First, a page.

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Wind testing to take place on South Hill  

The Ithaca Town Planning Board unanimously approved a plan Tuesday to build an anemometer to measure the winds around South Hill. If the tower’s measurements show the project is feasible, Ithaca College could be deriving some of its power from wind energy.

The anemometer will be used for about a year to test whether there is enough wind blowing to justify building a wind turbine in the hills behind the Terrace resident halls.

Beth Ellen Clark Joseph, professor of physics, and John Confer, retired professor of biology, made a plan to test the winds around Ithaca College when they hired Sustainable Energy Development, Inc. to install the anemometer.

The project still needs to be approved by the Town Zoning Board and would then need final site planning approval from the Planning Board.

If the turbine is deemed feasible, the proposal would be submitted to the college’s Facilities Planing Committee for approval, then to the budget process and finally to the college’s Board of Trustees.

Clark Joseph and Confer said a turbine would cost the college around $2.5 million.

Clark Joseph said she had proposed a smaller turbine in 2004 and was told that a larger one might be appropriate, which prompted her to test whether the greater expense was worthwhile.

“If you’re going to spend $2.5 million on a wind turbine, you better be very careful to understand the wind you can expect in your area,” she said.

Last March, Clark Joseph and Confer made the proposal to Richard Couture, associate vice president of the Office of Facilities, who approved the plan. The Town Planning Board then postponed voting on the plan because of questions the Tompkins County Planning Department had raised concerning the turbine, such as its visual impact.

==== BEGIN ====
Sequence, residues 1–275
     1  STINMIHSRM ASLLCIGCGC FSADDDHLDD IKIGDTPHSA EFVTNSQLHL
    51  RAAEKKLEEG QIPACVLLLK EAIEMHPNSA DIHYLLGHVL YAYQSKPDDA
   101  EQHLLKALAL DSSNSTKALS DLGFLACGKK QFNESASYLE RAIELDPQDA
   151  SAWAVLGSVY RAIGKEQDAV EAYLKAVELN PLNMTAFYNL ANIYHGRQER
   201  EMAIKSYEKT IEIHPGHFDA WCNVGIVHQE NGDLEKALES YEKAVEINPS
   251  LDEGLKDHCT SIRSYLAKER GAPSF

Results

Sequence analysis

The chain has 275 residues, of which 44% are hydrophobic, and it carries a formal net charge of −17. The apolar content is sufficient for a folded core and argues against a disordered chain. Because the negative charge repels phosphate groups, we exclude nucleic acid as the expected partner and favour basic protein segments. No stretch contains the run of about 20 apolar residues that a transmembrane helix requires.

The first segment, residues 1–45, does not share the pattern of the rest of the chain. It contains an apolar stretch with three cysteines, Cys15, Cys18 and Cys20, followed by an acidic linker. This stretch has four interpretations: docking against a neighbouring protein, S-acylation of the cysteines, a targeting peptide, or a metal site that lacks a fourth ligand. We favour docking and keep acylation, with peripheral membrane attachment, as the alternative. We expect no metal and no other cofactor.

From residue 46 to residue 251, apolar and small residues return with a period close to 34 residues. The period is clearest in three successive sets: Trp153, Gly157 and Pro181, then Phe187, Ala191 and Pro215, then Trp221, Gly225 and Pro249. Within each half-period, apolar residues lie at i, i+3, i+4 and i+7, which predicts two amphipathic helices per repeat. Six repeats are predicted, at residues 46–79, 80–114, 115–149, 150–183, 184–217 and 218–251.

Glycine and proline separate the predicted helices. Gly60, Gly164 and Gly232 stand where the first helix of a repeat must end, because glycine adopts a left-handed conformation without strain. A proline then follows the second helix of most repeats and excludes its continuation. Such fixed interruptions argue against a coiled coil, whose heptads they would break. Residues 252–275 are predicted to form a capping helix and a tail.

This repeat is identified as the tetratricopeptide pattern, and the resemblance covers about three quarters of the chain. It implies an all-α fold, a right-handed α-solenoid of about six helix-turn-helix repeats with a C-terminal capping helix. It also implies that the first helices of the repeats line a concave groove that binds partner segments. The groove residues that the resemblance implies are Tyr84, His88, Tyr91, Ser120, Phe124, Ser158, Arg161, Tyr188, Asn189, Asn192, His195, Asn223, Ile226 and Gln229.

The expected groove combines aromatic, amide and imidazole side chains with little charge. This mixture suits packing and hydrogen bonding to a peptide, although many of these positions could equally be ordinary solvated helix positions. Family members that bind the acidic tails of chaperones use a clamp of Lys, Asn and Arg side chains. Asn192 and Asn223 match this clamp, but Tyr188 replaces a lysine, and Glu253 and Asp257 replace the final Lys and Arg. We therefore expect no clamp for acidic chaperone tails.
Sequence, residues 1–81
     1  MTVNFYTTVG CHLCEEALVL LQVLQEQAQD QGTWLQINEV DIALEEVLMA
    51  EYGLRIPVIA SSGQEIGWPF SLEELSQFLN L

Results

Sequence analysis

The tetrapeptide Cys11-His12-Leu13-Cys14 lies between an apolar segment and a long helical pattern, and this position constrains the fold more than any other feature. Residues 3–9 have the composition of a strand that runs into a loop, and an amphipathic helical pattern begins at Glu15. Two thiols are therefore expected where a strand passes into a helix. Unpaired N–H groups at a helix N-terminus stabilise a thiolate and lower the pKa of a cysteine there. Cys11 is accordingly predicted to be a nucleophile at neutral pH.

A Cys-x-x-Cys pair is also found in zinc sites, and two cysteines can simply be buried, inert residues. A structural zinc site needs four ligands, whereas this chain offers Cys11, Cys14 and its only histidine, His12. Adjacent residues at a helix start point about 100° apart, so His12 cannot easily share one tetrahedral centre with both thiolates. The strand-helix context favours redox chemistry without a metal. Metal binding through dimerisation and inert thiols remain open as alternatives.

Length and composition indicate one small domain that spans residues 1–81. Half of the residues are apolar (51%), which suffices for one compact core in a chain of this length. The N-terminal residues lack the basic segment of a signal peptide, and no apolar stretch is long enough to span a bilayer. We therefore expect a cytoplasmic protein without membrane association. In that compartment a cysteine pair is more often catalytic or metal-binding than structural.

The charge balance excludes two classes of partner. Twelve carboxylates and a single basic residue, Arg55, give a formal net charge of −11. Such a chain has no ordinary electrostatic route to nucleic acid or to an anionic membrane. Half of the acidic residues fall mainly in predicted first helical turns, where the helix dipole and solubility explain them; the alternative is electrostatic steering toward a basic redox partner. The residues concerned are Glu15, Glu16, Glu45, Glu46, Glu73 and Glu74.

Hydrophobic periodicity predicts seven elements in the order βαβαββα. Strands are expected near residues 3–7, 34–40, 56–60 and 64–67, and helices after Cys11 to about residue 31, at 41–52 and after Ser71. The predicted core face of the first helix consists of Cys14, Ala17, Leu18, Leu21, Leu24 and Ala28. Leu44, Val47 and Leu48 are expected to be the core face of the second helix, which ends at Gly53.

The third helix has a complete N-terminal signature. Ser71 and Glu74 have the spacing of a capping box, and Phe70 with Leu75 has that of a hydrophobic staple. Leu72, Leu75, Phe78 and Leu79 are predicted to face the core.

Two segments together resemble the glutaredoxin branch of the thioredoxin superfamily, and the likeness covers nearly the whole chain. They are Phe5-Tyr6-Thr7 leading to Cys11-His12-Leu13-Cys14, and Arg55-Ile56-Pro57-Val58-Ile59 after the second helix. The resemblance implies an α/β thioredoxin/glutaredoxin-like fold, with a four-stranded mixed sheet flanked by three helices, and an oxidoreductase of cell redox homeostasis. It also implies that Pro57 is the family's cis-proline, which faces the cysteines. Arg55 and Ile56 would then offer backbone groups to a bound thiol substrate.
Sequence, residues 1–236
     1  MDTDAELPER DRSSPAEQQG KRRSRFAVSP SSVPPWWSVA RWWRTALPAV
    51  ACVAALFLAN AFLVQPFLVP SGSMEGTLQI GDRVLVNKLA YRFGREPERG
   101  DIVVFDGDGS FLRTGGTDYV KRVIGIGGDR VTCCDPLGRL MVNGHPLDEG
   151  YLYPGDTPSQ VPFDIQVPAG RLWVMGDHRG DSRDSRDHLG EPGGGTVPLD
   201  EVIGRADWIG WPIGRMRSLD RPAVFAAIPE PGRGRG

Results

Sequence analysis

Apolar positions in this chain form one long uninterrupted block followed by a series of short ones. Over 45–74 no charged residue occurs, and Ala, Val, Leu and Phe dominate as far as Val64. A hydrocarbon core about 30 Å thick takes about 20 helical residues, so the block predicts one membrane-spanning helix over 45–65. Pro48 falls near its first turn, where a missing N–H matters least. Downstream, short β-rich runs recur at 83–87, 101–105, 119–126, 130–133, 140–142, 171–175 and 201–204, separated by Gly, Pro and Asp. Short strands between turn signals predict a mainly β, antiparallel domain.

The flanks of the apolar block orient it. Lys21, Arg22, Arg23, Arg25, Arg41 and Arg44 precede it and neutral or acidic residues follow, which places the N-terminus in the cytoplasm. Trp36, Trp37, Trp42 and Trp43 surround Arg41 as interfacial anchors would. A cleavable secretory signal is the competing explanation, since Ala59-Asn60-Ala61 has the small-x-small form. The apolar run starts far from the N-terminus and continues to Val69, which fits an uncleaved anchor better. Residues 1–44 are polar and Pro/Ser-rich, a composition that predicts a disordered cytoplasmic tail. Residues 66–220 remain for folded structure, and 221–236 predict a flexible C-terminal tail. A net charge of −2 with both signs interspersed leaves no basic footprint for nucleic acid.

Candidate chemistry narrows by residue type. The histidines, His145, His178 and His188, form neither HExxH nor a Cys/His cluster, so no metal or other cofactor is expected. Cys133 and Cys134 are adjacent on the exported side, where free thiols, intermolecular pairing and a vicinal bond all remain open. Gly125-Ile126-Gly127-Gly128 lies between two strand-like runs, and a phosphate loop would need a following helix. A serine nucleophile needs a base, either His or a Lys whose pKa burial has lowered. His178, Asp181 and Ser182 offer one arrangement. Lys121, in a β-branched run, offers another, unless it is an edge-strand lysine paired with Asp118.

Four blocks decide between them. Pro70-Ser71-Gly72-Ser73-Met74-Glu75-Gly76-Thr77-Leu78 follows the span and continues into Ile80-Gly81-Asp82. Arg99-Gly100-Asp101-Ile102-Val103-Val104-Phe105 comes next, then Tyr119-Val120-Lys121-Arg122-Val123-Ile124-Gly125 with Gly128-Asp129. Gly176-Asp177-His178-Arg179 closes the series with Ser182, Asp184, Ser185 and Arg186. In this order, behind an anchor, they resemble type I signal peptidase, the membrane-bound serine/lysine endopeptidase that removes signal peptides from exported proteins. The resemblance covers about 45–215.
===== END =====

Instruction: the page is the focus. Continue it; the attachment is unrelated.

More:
The anemometer will take a few weeks to construct and will cost $50,000, but a matching grant from New York State Energy Development Association would cut the cost in half for the college.

The wind turbine would, if implemented, account for five to 15 percent of the college’s power, depending on how much wind there is.

Clark Joseph said wind power is “cost competitive” with coal and gas energy, the college’s main sources of electricity, costing only slightly more than them, and far less than other forms of renewable energy.

Steve Figgat, a senior environmental studies major, said some members of the Planning Board had been concerned about the potential drawbacks of a wind turbine, which would lead them to vote against allowing an anemometer.

Figgat said that the wind turbine would, if successful, set an example to other communities.

“If one goes up, there’s more incentive for others to go up, and it would just be good to see that happening in a progressive community like Ithaca,” he said.

By David Durrett
Staff Writer

The Ithacan Online

3 April 2008

This article is the work of the source indicated. Any opinions expressed in it are not necessarily those of National Wind Watch.

The copyright of this article resides with the author or publisher indicated. As part of its noncommercial effort to present the environmental, social, scientific, and economic issues of large-scale wind power development to a global audience seeking such information, National Wind Watch endeavors to observe “fair use” as provided for in section 107 of U.S. Copyright Law and similar “fair dealing” provisions of the copyright laws of other nations. Send requests to excerpt, general inquiries, and comments via e-mail.

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